Fracking Chemicals Still Unknown
In a separate action, more than 100 groups filed a petition this week demanding that full health and safety information be made available for all the chemicals used in oil and gas development, including fracking chemicals.
Earthjustice filed the petition on behalf of Environmental Defense Fund, The League of Women Voters and more than 100 other groups who point to troubling reports of poisoned drinking water, polluted air, mysterious animal deaths, and sick families.
Little is known about many of the chemicals used in drilling and fracking. What information is available is sobering: 78% of known fracking chemicals are associated with serious short-term health effects such as burning eyes, rashes, asthma-like effects, nausea, vomiting, headaches, dizziness, tremors, and convulsions.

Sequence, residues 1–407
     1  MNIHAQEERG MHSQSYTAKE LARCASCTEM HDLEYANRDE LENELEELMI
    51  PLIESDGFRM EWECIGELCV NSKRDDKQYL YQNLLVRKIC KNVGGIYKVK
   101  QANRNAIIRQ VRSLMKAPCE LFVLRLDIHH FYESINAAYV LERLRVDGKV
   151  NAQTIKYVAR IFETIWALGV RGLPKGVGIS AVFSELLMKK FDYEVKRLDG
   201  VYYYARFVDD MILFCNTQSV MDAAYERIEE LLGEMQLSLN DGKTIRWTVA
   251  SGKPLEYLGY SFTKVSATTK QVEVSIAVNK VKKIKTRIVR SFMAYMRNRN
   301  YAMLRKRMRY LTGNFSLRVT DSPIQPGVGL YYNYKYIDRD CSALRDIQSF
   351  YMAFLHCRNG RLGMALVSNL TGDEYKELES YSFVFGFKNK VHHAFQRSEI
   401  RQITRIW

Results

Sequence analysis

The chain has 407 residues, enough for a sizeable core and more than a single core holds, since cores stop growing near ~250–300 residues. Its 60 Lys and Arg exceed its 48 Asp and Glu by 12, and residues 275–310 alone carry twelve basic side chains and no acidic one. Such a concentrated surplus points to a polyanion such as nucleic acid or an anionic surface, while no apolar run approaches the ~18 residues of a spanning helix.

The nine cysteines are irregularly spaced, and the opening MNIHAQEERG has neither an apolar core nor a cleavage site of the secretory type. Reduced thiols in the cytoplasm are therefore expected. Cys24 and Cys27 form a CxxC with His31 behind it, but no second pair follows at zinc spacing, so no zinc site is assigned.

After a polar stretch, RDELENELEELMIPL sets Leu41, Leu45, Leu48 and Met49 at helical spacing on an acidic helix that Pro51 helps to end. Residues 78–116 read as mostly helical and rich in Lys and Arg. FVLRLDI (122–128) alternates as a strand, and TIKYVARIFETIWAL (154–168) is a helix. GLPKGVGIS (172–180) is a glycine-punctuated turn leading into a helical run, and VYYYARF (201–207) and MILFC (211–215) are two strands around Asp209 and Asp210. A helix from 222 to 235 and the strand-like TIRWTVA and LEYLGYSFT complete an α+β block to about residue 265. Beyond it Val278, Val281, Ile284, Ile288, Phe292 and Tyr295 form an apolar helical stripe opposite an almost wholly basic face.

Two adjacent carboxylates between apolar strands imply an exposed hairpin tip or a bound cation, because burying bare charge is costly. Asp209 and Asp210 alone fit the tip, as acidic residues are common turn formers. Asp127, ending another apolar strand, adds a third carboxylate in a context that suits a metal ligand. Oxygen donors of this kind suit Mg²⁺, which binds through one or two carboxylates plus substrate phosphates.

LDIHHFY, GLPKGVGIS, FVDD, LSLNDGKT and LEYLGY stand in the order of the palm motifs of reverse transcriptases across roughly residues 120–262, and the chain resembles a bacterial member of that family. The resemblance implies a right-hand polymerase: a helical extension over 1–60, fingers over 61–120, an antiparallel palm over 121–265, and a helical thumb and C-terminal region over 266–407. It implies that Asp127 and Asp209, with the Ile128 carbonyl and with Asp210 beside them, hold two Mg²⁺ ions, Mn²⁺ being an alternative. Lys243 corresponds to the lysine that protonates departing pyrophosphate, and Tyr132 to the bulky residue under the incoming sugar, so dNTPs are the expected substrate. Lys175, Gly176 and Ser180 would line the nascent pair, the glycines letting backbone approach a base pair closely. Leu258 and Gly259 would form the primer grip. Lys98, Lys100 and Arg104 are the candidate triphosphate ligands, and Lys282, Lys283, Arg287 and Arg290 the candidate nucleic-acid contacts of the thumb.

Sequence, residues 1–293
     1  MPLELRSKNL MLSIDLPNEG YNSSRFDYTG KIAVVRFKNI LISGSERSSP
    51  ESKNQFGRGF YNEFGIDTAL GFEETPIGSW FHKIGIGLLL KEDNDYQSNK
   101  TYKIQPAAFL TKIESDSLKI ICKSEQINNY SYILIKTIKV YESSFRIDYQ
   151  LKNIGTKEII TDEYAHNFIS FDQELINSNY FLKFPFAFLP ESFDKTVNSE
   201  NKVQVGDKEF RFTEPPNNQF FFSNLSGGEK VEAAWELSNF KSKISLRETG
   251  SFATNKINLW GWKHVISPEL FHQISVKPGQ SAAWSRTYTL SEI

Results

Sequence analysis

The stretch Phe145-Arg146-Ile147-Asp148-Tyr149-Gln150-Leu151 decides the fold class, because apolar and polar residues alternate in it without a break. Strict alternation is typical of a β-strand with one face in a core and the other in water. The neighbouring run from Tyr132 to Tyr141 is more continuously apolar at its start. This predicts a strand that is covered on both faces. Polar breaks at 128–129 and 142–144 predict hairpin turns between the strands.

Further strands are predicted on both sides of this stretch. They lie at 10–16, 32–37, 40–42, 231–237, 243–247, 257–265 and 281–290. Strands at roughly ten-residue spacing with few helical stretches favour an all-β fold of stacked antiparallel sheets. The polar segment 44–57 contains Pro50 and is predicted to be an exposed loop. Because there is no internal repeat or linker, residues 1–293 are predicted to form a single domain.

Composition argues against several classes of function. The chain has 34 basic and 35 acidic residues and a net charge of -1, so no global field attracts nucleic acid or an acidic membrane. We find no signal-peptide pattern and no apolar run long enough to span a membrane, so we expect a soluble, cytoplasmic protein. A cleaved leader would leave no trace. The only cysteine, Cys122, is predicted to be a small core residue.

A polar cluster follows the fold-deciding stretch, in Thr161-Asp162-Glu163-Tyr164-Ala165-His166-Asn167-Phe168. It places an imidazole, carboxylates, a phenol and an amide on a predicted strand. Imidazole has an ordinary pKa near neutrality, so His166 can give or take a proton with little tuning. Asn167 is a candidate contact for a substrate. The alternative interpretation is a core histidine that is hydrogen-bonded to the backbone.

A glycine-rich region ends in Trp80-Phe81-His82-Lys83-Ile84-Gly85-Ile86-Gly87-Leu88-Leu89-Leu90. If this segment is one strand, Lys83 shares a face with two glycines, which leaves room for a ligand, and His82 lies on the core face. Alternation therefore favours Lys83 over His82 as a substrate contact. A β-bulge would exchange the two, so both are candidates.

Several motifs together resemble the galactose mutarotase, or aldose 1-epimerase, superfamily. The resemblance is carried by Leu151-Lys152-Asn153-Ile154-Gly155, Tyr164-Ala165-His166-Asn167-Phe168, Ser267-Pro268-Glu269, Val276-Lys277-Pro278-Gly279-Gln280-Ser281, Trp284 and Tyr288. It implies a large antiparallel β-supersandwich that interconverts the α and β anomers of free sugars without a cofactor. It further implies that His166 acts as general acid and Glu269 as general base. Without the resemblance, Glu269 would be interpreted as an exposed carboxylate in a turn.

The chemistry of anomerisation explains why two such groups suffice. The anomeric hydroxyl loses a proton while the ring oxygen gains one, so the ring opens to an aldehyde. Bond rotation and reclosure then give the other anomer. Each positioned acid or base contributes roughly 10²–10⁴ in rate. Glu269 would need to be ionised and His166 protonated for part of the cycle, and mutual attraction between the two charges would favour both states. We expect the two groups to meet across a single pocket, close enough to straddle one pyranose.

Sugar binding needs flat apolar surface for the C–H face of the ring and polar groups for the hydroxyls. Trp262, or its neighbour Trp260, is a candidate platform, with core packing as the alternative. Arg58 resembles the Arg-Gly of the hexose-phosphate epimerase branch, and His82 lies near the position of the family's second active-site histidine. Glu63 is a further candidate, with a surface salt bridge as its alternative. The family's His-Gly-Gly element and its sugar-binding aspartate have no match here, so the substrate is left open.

Between 22%-47% of those chemicals are also associated with longer-term health effects, including cancer, organ damage, and harm to the endocrine system.
“The more information we have about the chemicals used in fracking and drilling, the easier it will be to keep people safe and healthy,” says Earthjustice Associate Attorney Megan Klein. “But EPA needs to move quickly – we learn of new problems related to this industry almost daily.”
The petition asks the EPA to draft rules that - for the first time - would require manufacturers and processors of drilling and fracking chemicals to conduct testing and produce health and safety data needed to evaluate the health and environmental risks of their substances and mixtures.
Not Just an East Coast Thing
While the Marcellus Shale formation in the Northeast is drawing the most attention and opposition, it isn't the only hotbed of activity.
The Center for Biological Diversity, Sierra Club and Los Padres ForestWatch filed a formal protest this month to stop the Bureau of Land Management from leasing 2,600 acres of environmentally sensitive land in Monterey and Fresno counties in California for oil and gas development.
“By turning a blind eye to the dangers of fracking, BLM is putting Monterey’s water quality in serious jeopardy,” says Matt Vespa, an attorney at the Center. “These sensitive areas ought to be protected, not turned into industrial zones.”